There are bound to be some couples that consider their cat a child. But when those pairs add an actual child to the mix, they may be wondering if it is safe to keep your feline friend around. There are lots of opinions when it comes to cats and babies. Some support it, while others are completely against the idea of the two ever co-habitating. But when it comes down to it, what is the truth? Is it safe to have cats around babies?

To get right to the point, the short answer is yes, it is safe to own a cat if you’re expecting a baby or already have one. According to the American Society for the Prevention of Cruelty to Animals, this may not be the best time to take in strays, but it owning a cat is generally safe, with the exception of a few rare scenarios.

The biggest concern, the ASPCA says, is the risk of being exposed to toxoplasmosis, a parasitic infection often found in cats who have had contact with infected birds or rodents. This infection can have serious consequences like miscarriage or birth defects, but is, luckily, very uncommon and preventable. The easiest way to contract toxomplasmosis, they say, is by handling infected cat feces or eating raw or undercooked meat. The ASPCA also cautions pregnant women against bringing in strays or changing the cat’s litter box because, while most people’s immune system is able to fight off this infection, a pregnant woman’s may not. And it’s also best to err on the side of caution. So for the time being, use pregnancy as an excuse to pass is dreaded chore on to someone else.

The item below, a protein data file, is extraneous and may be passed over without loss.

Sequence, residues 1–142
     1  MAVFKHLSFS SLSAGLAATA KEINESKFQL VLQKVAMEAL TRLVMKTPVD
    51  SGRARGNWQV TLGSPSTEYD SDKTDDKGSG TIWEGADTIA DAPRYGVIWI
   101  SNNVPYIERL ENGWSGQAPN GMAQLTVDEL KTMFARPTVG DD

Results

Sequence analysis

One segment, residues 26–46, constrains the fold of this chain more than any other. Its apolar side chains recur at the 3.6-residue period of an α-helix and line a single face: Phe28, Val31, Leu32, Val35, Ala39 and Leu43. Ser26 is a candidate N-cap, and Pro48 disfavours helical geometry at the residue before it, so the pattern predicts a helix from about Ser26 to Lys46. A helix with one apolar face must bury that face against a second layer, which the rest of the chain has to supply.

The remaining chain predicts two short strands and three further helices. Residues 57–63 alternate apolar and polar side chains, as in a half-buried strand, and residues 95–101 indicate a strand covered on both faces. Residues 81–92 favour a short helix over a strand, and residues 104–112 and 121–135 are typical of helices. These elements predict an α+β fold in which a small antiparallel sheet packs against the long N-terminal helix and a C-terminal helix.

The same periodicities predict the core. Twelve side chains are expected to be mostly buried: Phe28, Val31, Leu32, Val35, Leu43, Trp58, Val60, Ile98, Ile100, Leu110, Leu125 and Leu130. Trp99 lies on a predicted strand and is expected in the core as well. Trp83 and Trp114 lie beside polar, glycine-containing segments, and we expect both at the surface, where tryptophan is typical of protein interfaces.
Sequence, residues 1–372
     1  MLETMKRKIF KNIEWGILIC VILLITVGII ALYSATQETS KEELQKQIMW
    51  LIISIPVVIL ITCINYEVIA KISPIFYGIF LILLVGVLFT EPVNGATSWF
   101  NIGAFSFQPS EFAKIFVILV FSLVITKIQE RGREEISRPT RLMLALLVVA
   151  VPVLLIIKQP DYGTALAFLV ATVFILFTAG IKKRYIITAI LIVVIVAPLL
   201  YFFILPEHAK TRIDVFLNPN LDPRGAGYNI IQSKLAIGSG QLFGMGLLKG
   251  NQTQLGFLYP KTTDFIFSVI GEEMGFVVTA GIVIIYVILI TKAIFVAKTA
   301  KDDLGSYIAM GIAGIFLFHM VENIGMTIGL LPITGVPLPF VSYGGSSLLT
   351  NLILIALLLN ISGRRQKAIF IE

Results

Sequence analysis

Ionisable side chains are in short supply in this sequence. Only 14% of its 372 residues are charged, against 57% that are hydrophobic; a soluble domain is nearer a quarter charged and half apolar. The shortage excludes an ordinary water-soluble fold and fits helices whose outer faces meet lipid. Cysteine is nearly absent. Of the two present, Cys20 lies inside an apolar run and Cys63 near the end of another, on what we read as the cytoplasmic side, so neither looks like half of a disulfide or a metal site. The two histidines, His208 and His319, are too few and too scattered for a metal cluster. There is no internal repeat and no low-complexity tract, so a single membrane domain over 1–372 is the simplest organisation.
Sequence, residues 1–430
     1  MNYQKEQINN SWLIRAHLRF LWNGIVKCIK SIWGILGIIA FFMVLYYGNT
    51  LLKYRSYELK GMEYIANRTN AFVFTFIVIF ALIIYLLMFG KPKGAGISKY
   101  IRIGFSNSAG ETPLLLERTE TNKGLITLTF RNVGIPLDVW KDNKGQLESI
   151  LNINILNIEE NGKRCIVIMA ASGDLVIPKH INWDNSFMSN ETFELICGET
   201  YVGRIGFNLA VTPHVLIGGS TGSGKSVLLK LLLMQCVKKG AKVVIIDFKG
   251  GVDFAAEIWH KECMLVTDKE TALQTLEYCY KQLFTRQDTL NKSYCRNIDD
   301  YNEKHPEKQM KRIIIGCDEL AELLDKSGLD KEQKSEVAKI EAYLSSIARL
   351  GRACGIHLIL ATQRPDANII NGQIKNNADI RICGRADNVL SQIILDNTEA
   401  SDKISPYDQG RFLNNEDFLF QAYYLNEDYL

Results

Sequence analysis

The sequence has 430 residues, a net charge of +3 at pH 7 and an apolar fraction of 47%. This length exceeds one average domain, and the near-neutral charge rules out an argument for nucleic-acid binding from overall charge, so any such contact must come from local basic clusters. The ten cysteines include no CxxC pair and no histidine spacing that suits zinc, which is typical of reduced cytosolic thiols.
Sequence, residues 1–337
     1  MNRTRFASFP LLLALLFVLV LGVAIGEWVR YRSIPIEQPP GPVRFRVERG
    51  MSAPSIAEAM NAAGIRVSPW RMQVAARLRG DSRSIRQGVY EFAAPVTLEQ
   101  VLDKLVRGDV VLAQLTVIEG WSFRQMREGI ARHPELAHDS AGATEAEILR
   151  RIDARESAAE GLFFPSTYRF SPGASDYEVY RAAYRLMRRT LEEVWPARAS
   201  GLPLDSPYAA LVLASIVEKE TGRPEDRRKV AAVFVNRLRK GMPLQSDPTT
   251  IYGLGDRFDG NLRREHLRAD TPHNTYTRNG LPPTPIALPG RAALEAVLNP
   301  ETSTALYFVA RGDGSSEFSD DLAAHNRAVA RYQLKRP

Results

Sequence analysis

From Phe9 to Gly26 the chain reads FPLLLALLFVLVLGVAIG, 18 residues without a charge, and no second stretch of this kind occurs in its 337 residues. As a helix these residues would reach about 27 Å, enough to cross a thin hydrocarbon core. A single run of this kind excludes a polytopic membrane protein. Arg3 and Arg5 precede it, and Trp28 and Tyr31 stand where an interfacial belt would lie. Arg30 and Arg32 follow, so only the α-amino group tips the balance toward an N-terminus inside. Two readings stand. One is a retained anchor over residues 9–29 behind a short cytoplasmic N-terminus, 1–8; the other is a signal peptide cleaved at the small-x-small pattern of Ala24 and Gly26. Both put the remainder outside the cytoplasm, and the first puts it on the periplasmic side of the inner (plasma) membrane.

If you already have a little one in the home, the answer is pretty much the same. Cats are notoriously clean animals, and so preventing contact with your child is probably not necessary.

Once your child is mobile, though, it’s important to teach them how to safely handle animals. Even though your cat may be the most gentle feline out there, there is always the chance he may scratch or bite if frightened. Showing your baby the correct ways to pet and hold your cat will likely save you, and your baby, the trouble of any other kitty-related woes.